Do you master the language of responsible investing?


The vocabulary to know to navigate the ESG environment with clients.

Many terms are used in the field of responsible investment. In addition, some concepts are used interchangeably.

“As planners, we need to understand the vocabulary commonly used in order to put each strategy in context and help the client understand its implications,” said trainer Guy Sauvé during a workshop on responsible investment, presented at the 2022 conference of the Institut québécois de planification financière (IQPF).

Responsible investing is a “changing topic,” the specialist added, “because it is not regulated and it means different things depending on the people who use it.”

Here are some definitions provided by the expert in order to keep the conversation with customers alive and translate it into action.

Responsible Investment (RI) or ESG

Responsible investing refers to the ways in which investors can address environmental, social and governance issues in stock selection and portfolio construction. Also known as ESG investing, RI focuses on the strategy and practice of integrating ESG factors into investment decisions.

Socially Responsible Investment (SRI)

Socially responsible investing (SRI) is about investing by investing money in companies that can shape the world in a positive way. “It is considered more ambitious than ESG investing because it has higher expectations for the positive social impact of the company,” says Guy Sauve.

Investment in the best in the category (“Best-In-Class” or BIC)

This approach consists of selecting only those companies that exceed a defined ranking in a sector or industry. Not all BIC funds are considered responsible investments, as they use a multi-sectoral approach and try to retain certain characteristics of an index in order to reduce the tracking gap, says the trainer.

Sustainable investing

Sustainable investing applies to companies that have a positive impact and benefit from major sustainable trends. It also refers to strategies that seek to exclude from clients’ investment portfolios activities considered contrary to environmental sustainability, such as coal extraction or oil exploration.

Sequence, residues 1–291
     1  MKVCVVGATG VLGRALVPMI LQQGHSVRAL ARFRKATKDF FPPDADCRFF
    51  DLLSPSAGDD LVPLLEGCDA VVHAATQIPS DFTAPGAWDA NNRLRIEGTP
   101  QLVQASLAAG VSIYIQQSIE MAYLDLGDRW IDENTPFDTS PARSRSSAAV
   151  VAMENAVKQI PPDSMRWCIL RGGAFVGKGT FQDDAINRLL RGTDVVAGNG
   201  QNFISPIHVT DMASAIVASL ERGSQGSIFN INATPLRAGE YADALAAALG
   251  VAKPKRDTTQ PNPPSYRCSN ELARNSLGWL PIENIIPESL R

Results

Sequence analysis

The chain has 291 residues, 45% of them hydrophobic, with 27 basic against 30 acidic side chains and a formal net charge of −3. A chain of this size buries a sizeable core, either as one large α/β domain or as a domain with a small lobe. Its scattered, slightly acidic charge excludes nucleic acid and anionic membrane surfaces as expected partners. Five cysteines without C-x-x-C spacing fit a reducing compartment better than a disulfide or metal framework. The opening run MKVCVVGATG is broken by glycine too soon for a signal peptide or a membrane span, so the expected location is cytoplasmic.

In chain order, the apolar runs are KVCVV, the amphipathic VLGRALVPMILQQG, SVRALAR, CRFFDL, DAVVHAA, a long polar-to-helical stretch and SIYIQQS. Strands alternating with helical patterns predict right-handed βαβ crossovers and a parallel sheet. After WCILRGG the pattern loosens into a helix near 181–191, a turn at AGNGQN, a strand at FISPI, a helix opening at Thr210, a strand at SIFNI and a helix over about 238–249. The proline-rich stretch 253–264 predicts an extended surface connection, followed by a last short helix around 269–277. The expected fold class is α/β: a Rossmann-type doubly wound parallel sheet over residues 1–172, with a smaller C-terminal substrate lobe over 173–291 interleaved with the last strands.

Negative screening or exclusion

Negative or exclusion screening (or screening) is about avoiding problematic investments such as tobacco or gun companies. One of its limitations is that it excludes large companies for non-financial reasons, which puts it at risk of underperforming the index, says Guy Sauvé.

Positive screening

This approach seeks to maximize financial return as part of a socially responsible investment strategy. It encompasses SRI and ESG factors to integrate them into a traditional strategy primarily focused on profit and return.

Thematic investment

Thematic funds concentrate their investments in certain areas. Some select companies that follow themes related to sustainability, such as sustainable agriculture and climate change. They can also more specifically target certain types of activities, such as electric cars, public transport, smart grids or green buildings.

Green Investment

Similar to thematic investing, it invests in securities related to energy efficiency, pollution control, recycling and efficient waste management.

Impact Investing

Its goal is to have a social or environmental impact by focusing on specific themes. More activist than RI and ESG, he often dismisses companies with questionable business practices and looks for companies that want to generate a positive and measurable social and environmental impact.

Ethical Investing

Often considered a values-based or faith-based investment, it consists of investing in accordance with certain principles by excluding certain companies whose products or services are considered morally reprehensible by investors of certain religious denominations, such as tobacco, alcohol, weapons and nuclear energy.

Social or community investment

It aims to reduce poverty while ensuring the growth of businesses that serve less fortunate communities. These funds enable organizations to provide services such as affordable housing and loans, with the goal of improving the quality of life of communities and reducing their dependence on government assistance.


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